The Dangers of Euthanasia and Dementia: How Kantian Thinking Might Be Used to Support Non‐Voluntary Euthanasia in Cases of Extreme Dementia
Bioethics, Vol. 26, Issue 5, pp. 231-235, 2012
Some writers have argued that a Kantian approach to ethics can be used to justify suicide in cases of extreme dementia, where a patient lacks the rationality required of Kantian moral agents. I worry that this line of thinking may lead to the more extreme claim that euthanasia is a proper Kantian response to severe dementia (and similar afflictions). Such morally treacherous thinking seems to be directly implied by the arguments that lead Dennis Cooley and similar writers to claim that Kant might support suicide. If rationality is the only factor in valuing a human life, then the loss of that rationality (however such loss might be defined) would allow us to use essentially utilitarian thinking in order to support non‐voluntary euthanasia, since the patients themselves would no longer be moral agents that demand respect.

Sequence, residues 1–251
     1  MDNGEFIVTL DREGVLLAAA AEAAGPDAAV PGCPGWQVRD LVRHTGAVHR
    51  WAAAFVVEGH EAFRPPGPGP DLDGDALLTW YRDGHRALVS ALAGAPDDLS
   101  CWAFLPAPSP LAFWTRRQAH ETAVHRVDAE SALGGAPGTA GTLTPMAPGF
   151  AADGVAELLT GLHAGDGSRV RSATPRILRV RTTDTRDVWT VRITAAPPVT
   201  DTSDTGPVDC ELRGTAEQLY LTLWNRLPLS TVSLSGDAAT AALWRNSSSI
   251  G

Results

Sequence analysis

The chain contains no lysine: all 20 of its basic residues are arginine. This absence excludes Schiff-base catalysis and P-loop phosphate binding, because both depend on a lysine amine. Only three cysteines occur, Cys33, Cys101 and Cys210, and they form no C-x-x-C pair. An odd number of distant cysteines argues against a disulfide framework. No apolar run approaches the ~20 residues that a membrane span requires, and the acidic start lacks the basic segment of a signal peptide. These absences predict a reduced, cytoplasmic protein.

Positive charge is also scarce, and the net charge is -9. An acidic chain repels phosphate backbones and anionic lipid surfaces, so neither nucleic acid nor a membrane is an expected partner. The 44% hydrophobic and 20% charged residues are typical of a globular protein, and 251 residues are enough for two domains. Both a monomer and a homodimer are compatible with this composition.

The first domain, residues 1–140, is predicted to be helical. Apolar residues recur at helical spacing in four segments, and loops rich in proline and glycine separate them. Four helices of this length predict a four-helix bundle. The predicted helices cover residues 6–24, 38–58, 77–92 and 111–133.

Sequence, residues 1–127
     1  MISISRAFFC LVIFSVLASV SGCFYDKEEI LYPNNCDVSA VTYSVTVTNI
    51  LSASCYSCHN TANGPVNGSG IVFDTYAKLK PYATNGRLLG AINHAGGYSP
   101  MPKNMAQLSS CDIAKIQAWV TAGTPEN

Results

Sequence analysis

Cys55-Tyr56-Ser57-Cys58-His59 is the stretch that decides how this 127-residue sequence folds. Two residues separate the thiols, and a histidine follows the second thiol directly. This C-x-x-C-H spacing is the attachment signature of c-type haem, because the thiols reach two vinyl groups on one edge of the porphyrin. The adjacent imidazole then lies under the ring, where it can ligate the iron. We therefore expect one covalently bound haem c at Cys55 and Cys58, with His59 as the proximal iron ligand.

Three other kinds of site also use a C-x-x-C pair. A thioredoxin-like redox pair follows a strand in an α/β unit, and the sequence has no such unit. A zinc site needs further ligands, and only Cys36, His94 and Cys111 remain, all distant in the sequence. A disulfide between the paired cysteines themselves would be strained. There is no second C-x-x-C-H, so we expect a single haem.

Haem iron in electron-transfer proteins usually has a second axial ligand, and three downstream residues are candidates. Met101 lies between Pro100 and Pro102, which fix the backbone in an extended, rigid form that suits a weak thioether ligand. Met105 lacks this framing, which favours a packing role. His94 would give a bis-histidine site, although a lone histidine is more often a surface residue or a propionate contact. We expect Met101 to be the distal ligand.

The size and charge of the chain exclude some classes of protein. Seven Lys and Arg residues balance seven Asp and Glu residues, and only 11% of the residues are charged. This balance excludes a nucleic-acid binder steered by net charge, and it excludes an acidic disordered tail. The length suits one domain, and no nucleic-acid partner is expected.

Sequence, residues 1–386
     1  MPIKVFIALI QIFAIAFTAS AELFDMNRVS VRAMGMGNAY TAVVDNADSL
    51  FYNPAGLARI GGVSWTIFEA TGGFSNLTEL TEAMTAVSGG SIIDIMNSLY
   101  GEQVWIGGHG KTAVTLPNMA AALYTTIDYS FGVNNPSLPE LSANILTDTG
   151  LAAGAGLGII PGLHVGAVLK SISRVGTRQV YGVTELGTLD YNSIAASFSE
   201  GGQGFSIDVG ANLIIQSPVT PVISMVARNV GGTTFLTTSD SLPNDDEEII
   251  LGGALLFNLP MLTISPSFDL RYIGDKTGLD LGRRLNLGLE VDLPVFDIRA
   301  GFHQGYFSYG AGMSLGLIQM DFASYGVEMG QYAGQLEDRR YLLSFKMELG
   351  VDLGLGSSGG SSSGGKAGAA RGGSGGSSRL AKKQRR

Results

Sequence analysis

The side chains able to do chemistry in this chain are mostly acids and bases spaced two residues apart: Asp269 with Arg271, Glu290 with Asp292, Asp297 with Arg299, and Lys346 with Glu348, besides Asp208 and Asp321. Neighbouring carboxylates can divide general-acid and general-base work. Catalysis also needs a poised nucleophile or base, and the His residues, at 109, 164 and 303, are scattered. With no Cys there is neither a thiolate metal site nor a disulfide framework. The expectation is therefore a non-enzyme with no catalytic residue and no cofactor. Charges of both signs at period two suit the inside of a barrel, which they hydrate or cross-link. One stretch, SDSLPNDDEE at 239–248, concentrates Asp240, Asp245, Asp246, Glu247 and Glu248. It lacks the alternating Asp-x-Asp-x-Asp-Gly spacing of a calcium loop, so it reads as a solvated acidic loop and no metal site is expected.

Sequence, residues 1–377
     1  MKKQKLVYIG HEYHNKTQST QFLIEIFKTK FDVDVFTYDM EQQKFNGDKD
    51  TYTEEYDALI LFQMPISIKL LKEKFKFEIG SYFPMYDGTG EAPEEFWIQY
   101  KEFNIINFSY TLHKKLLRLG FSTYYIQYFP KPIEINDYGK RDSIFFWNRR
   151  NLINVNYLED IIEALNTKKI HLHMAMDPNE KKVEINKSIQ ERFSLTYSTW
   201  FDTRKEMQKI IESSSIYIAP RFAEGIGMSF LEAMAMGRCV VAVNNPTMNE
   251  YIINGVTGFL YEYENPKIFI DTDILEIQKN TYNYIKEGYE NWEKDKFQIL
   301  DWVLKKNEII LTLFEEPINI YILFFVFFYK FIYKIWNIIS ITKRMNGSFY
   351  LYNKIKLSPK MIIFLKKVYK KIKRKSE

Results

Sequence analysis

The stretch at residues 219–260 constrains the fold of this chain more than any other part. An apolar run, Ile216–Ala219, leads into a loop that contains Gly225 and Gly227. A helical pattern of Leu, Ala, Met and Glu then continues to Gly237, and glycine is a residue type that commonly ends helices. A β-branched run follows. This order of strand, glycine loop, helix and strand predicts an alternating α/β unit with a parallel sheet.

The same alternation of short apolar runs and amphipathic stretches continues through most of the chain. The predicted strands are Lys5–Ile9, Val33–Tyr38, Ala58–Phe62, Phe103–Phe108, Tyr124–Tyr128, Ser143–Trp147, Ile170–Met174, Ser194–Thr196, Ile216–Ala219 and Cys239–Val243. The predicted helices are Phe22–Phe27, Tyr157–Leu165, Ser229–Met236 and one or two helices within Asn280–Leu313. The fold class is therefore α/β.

Number of Pages in PDF File: 5
Keywords: Kant, euthanasia, bioethics, dementia, non‐voluntary, suicide, assisted suicide, deontology, rational agents
Date posted: May 12, 2012
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